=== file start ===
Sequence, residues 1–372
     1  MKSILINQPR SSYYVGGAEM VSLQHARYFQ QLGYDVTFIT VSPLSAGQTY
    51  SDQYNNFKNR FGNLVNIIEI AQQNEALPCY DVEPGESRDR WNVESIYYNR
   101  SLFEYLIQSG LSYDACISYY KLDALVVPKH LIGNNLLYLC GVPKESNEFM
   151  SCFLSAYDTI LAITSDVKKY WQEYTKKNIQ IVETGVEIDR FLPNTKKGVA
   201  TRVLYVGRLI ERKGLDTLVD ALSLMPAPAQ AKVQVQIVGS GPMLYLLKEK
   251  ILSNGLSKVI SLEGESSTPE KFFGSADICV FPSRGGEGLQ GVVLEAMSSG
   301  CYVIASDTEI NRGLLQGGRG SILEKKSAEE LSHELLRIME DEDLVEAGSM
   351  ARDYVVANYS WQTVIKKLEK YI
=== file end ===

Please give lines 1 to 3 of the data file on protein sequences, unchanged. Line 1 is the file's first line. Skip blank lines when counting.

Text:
Sequence, residues 1–372
     1  MKSILINQPR SSYYVGGAEM VSLQHARYFQ QLGYDVTFIT VSPLSAGQTY
    51  SDQYNNFKNR FGNLVNIIEI AQQNEALPCY DVEPGESRDR WNVESIYYNR